No matter what anybody tells you, there are no laws proscribing what an employer can say about a former employee.  The distinction that confuses people is between a policy adopted by the employer and a law passed by a legislative body.

Policies are the rules a company adopts that outline things such as how many vacation days employees may take or how many paid sick days employees may take.  When a legislative body meets and decides to control how fast you can drive your car, and attaches a fine or other penalty for driving in excess of that speed, that’s a law.

So, in a nutshell, employers are allowed to disclose whatever they choose to disclose.  And, as long as whatever is said is an honestly held opinion or a documented fact, there is no liability for saying it.  You may be reprimanded for saying it if there’s a policy that forbids it, but you certainly won’t go to jail!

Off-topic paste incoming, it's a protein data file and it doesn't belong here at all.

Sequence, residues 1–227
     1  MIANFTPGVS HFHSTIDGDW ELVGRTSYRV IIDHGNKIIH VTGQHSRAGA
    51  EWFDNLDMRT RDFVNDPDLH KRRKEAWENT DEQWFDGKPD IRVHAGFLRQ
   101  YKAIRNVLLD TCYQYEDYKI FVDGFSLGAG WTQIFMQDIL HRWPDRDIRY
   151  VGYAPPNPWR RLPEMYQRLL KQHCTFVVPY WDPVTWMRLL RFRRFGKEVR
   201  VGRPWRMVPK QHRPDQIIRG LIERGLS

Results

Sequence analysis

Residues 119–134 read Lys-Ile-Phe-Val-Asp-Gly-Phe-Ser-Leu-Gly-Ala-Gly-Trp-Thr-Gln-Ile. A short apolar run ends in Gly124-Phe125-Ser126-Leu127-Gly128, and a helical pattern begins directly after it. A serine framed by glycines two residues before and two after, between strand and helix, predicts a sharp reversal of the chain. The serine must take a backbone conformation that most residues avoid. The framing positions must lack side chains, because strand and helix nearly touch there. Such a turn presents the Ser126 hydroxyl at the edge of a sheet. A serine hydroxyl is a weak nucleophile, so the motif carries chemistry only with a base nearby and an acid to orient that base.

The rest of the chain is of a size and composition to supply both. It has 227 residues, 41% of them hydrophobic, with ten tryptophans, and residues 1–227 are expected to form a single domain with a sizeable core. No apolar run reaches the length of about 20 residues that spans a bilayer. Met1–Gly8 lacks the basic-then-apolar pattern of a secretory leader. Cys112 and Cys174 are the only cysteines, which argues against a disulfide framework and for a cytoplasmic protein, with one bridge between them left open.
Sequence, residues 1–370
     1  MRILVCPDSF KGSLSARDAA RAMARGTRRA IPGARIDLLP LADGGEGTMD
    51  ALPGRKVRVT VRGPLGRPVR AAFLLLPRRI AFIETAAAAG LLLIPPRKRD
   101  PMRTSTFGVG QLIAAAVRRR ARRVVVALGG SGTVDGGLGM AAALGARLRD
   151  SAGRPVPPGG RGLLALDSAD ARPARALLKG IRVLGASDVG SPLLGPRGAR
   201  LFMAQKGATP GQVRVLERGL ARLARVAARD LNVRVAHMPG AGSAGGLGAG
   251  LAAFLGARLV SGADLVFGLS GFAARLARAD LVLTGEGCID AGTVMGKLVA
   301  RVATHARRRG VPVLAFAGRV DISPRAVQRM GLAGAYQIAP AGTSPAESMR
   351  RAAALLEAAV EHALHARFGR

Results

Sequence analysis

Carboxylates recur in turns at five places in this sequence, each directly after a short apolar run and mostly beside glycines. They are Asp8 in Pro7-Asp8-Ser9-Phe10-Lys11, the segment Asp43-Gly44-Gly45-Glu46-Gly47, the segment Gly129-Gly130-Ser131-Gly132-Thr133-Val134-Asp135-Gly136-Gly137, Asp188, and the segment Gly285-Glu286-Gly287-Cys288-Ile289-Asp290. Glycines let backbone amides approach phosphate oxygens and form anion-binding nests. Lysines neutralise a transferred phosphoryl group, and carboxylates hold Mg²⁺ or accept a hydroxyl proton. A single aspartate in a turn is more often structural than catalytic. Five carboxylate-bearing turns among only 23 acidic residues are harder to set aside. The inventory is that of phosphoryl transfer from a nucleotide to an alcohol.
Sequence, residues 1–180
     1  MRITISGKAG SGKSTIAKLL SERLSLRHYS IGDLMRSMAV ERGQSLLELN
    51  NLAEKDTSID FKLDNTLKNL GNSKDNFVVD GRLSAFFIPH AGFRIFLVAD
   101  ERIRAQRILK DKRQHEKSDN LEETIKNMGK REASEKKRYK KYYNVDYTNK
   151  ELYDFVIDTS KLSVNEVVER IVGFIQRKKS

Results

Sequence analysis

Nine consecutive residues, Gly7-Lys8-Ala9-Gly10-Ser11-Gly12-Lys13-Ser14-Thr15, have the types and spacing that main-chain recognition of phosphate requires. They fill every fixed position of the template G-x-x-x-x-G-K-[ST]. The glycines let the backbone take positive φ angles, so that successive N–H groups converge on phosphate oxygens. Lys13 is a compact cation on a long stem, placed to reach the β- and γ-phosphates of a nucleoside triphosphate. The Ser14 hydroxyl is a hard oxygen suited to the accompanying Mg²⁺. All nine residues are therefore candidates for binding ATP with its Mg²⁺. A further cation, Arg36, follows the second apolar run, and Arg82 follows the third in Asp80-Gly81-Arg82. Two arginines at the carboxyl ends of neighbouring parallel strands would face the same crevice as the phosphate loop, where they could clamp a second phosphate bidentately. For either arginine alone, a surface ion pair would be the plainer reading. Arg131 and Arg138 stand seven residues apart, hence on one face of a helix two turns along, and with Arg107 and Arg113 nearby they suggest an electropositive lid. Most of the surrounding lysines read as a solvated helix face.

Furthermore, there are no laws that have criminalized providing job performance information about a current or former employee.  There may be civil consequences if a reference intentionally lies about a candidate for employment, but it’s certainly not a crime.

There may also be civil consequences if the prospective employer asks questions about topics that are protected by the EEOC but, again, doing so isn’t a crime – it’s a civil wrong!  Big difference…